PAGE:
Microsoft Edge Moves Away From Passwords

People hate passwords. That's why so many people use the same basic password across multiple websites—and that in turn is why so many data breaches reach much further than most would expect. It's just not secure to use simple passwords, reuse passwords across multiple services, or share passwords with other people. The Web Authentication specification wants to offer the best of both worlds by letting people abandon passwords for more convenient and secure options, and now that it's supported by Microsoft Edge, the spec will continue to expand.

Web Authentication lets people use facial recognition, fingerprint scanners, FIDO2 devices and PINs instead of passwords. All of these mechanisms have trade offs—facial recognition and fingerprint scanning can be fooled, and FIDO2 devices require you to carry an extra gadget around—but they can still be considered more convenient than memorizing and entering secure passwords. Most people won't remember something like "iH%#xP2v3Ab%R!n," and even if they do, who wants to type that? If one isn't willing to use a password manager, secure passwords can be wildly inconvenient.

Microsoft thinks passwords need to go the way of the dodo. Here's what the company said in its blog post about supporting Web Authentication:

"Staying secure on the web is more important than ever. We trust web sites to process credit card numbers, save addresses and personal information and even to handle sensitive records like medical information. All this data is protected by an ancient security model—the password. But passwords are difficult to remember, and are fundamentally insecure—often re-used and vulnerable to phishing and cracking."

The company also said Edge's implementation of Web Authentication "provides the most complete support for Web Authentication to date, with support for a wider variety of authenticators than other browsers." That's because it supports Windows Hello, which already lets Windows 10 users access their devices via facial recognition or fingerprint scanning, as well as the more standard FIDO2 devices. (Not everyone wants to evangelize Windows Hello. Apple probably doesn't care to support it with Safari, for example. But FIDO2 devices are platform agnostic.)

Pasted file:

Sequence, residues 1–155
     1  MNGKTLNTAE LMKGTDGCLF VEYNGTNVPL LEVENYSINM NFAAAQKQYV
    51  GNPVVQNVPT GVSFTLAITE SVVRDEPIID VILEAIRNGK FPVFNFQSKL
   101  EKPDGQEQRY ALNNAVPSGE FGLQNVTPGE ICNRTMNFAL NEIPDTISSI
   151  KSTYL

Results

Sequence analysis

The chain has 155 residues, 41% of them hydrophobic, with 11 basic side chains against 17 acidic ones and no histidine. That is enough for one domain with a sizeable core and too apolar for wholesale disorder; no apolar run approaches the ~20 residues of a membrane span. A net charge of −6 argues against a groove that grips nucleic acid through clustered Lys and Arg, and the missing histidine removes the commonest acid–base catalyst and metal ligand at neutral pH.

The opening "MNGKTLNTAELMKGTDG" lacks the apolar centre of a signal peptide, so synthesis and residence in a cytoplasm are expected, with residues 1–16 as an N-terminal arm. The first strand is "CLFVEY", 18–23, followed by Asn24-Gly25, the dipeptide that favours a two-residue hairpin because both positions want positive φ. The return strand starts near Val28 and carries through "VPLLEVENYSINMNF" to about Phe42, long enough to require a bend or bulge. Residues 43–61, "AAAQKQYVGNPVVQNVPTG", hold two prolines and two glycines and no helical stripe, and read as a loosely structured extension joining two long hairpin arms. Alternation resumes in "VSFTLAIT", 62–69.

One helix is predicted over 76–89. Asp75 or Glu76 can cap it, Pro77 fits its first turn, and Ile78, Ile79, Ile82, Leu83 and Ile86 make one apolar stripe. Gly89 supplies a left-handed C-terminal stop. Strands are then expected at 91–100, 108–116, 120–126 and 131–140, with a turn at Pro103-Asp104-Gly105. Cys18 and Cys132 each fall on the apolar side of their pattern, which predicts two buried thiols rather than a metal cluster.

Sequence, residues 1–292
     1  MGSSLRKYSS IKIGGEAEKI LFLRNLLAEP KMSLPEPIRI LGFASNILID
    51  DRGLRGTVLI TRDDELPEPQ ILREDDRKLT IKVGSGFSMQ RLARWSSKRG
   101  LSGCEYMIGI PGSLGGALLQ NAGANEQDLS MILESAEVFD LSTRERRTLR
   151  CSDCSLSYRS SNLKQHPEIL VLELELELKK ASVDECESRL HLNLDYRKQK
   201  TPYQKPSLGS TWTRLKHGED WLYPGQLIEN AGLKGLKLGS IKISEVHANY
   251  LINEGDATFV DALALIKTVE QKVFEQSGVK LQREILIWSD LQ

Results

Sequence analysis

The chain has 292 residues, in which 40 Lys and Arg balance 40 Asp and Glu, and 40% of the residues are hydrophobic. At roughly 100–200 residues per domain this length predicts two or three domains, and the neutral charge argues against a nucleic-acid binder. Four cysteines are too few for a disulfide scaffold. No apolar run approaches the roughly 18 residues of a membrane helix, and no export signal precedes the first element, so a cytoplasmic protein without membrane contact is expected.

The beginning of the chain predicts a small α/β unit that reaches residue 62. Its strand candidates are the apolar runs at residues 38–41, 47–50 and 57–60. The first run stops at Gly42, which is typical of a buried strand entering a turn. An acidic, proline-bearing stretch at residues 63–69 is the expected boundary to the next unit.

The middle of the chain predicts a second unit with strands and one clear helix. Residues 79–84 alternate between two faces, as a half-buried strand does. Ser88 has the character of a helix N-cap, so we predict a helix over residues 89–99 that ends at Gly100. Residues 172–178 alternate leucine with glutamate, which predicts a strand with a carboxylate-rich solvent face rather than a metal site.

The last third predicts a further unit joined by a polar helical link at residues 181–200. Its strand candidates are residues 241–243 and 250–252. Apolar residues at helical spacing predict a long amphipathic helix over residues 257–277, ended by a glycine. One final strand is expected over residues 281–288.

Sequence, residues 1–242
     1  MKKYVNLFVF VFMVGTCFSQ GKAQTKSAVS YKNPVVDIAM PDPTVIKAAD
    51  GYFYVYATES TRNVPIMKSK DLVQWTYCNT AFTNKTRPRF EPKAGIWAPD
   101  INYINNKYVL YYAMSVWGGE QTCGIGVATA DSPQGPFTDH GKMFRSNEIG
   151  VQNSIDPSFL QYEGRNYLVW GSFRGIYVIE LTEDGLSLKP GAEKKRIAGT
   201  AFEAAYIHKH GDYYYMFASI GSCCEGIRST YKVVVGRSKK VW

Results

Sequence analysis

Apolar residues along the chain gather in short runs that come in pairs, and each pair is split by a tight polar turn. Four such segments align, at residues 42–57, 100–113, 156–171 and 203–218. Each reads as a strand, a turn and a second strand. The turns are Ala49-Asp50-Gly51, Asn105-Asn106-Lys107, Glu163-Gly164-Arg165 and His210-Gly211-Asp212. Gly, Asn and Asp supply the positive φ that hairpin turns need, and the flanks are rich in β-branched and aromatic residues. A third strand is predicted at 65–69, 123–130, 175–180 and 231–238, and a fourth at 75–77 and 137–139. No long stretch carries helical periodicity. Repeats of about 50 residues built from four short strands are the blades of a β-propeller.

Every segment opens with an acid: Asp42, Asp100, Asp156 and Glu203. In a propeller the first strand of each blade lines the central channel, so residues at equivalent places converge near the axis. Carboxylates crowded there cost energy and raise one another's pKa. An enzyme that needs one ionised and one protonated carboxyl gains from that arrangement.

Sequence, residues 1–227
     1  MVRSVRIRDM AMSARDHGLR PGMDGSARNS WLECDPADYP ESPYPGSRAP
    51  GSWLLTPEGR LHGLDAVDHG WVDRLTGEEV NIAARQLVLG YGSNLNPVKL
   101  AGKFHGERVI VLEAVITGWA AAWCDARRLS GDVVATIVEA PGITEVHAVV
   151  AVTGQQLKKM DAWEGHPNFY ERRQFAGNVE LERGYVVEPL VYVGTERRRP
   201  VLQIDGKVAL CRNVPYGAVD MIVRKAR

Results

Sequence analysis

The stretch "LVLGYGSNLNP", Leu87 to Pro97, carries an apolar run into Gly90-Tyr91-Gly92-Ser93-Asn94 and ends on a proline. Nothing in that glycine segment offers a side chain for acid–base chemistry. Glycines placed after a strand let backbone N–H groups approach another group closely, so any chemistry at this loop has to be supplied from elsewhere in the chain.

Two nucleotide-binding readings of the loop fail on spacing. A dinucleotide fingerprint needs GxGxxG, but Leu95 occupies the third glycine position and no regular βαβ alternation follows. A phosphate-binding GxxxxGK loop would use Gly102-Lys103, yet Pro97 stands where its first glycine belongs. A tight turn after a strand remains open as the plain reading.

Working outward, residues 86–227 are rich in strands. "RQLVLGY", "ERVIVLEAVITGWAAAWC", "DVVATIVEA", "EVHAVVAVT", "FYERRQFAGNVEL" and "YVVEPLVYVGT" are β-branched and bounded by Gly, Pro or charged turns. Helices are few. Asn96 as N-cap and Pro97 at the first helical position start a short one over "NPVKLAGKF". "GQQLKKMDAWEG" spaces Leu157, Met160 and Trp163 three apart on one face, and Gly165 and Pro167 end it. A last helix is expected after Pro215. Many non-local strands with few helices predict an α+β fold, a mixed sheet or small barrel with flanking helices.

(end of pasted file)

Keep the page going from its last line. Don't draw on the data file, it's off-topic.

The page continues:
Microsoft likely wanted to blow its own horn regarding Edge's support for Web Authentication because it's actually a beat behind Google and Mozilla. The former added beta support for Web Authentication to Chrome in May, and the latter did the same with Firefox that same month. But it's still good that Microsoft is adding support for Web Authentication to Edge, not just because Edge users should be afforded the same options as their Chrome and Firefox-using counterparts, but also because it means the call to let people abandon passwords will continue to gain volume.

Web Authentication support is currently available in the version of Edge shipping with Windows Insider Preview Build 17723.

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  • therealduckofdeath
    It is kind of the right way to go but it's not without issues. Either it'll lock users into ecosystems (browsers in this case), as the authentication in locked to the ecosystem, or we'll have a new, deeper level of security problem at our finger tips, if the security will be in some sort of open platform.
  • AnimeMania
    Microsoft wrote:
    "Staying secure on the web is more important than ever. We trust web sites to process credit card numbers, save addresses and personal information and even to handle sensitive records like medical information."
    The first statement is true and the second is not. One person doing something stupid and getting their personal information stolen is tragic, while a corporation doing something stupid and getting millions of people's personal information stolen should be a crime. I thought up a password that is secure and I can remember, why can't I use it everywhere I want. Corporations should air gap or something very close to that, our personal data and passwords since they take it without any way for us to opt out of their prying eyes. The real problem isn't on our end, it's on theirs.
  • hellwig
    1839266 said:
    ...One person doing something stupid and getting their personal information stolen is tragic, while a corporation doing something stupid and getting millions of people's personal information stolen should be a crime....


    Exactly, no one phished me for my Experian data, my Home Depot purchases, my Target purchases, my TMobile data (thanks Equifax? Experian? TransUnion? who can remember), my AshleyMadison... no wait, nevermind.